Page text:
With the Sustainability Related Financial Disclosure Regulation’s (SFDR's) regulatory technical standard coming into effect on January 1st, 2023, we provide a brief explainer on the upcoming rules for classifying and reporting on sustainability and ESG factors in investments.
Written by Rio ESG
With headlines at the beginning of this year stating that global ESG assets may surpass $41 trillion by the end of this year and $50 trillion by 2025,1 none can argue that ESG investing has gained unprecedented traction.
As Environmental, Social, and Governance (ESG) factors increasingly become part of investing conversations, there’s an influx of new information and scrutiny which is going play an important role as regulators tackle the risk of greenwashing.
Sustainability data has increased in volume and, as a result, ESG investments are rising to the top amidst increases in regulations. But there remains a big barrier for investors who want to take the leap: the unavailability or lack of transparency of data.
The fact is that definitions and methodologies around concepts such as ESG, impact and sustainability have been vague, providing room for investors to infer their own expectations or interpretations.
In this blog, we look at what the EU Sustainable Finance Disclosure Regulation's mean, who they affect and what they entail.
What is the EU Sustainable Finance Disclosure Regulation?
The Sustainable Finance Disclosure Regulation (SFDR), which was introduced in 2019 and came into effect in March 2021, is part of a new wave of European regulation aimed at building a sustainable economy.
Since 2017, the European Union (EU) has been strengthening its sustainable finance regulation in recognition of the role the financial sector can play in achieving the EU’s sustainable development objectives. The goal of these legislative efforts is to encourage the financial sector to support sustainable activities and to rotate capital away from harmful ones.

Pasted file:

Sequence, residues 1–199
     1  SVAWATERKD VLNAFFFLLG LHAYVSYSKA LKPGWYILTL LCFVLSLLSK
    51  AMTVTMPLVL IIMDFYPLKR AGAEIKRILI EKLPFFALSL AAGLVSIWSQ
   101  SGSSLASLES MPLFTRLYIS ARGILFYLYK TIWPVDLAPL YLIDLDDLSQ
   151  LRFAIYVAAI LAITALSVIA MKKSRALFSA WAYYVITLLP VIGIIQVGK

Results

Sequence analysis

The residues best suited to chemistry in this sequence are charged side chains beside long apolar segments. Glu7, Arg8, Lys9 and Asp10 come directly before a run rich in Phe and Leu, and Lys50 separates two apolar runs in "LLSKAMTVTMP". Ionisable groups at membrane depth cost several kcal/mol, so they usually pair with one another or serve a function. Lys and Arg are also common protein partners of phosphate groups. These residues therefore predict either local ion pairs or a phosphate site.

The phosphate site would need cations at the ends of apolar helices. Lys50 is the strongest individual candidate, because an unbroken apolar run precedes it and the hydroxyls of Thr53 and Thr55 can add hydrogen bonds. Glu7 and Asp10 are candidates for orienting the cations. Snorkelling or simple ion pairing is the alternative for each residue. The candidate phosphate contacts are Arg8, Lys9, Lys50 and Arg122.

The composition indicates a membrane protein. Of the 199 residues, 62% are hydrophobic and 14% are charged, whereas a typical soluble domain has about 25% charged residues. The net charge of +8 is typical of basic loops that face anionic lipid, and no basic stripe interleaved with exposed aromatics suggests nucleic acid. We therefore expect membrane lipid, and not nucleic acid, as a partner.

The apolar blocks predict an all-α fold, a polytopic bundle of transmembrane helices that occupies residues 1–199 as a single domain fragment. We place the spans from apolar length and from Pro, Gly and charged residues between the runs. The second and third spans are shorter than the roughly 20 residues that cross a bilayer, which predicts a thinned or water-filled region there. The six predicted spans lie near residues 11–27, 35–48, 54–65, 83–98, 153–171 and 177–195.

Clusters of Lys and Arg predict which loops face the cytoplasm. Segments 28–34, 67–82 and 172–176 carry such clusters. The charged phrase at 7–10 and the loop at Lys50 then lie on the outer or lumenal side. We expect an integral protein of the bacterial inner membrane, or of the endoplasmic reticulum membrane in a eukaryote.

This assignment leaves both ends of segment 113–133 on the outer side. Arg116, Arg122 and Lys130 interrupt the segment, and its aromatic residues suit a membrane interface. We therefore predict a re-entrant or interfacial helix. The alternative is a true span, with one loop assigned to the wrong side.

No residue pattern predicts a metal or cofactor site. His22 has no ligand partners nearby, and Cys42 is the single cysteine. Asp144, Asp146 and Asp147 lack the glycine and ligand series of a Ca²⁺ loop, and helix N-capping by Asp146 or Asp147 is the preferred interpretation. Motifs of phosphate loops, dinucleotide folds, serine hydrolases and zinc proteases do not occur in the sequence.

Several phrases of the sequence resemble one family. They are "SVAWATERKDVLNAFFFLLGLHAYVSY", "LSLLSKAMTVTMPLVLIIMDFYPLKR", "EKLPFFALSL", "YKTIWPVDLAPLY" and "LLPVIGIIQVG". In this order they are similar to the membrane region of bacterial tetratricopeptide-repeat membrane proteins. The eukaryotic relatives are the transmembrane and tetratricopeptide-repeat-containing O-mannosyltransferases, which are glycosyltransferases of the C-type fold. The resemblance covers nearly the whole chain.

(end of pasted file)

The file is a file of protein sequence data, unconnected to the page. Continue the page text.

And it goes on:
The SFDR has been introduced to improve transparency in the market for sustainable investment products, which helps to prevent greenwashing as well as to directing capital towards more sustainable investments/ products and businesses.
The SFDR, together with a range of other EU sustainable finance initiatives, is intended to support the European Green Deal, which envisions a European economy that is both climate neutral by 2050 and positive for biodiversity.
To achieve this, the SFDR focuses on disclosures. There is a general belief that enabling end-investors to better understand the impact their investments have on society and the environment through increased transparency will encourage them to shift capital toward activities that are less harmful and, potentially, even positive.
However, there are two roadblocks to achieving this:
- Sustainable products: Sustainable investment products are products that integrate sustainability or environmental, social, and governance (ESG) considerations.
- Sustainability disclosures: The European Commission (EC) argues that, historically, sustainability disclosures for end-investors, including pension fund trustees, beneficiaries, and retail investors, have been insufficient.2
The SFDR classifies funds as grey, light green, or dark green, with stricter reporting requirements for green funds. Investment managers, from the end of 2022, will have to begin reporting on the regulations put in place to ensure companies comply with global standards such as the UN Guiding Principles on Business and Human Rights.
Who does SFDR apply to?
The regulation applies to all Financial Market Participants (“FMPs”) and Financial Advisors (“FAs”) in the EU, FMPs with EU shareholders, and those marketing themselves in the EU, and sets out clear disclosure requirements.
- An insurance company that makes available an insurance-based investment product
- Investment firms that provide portfolio management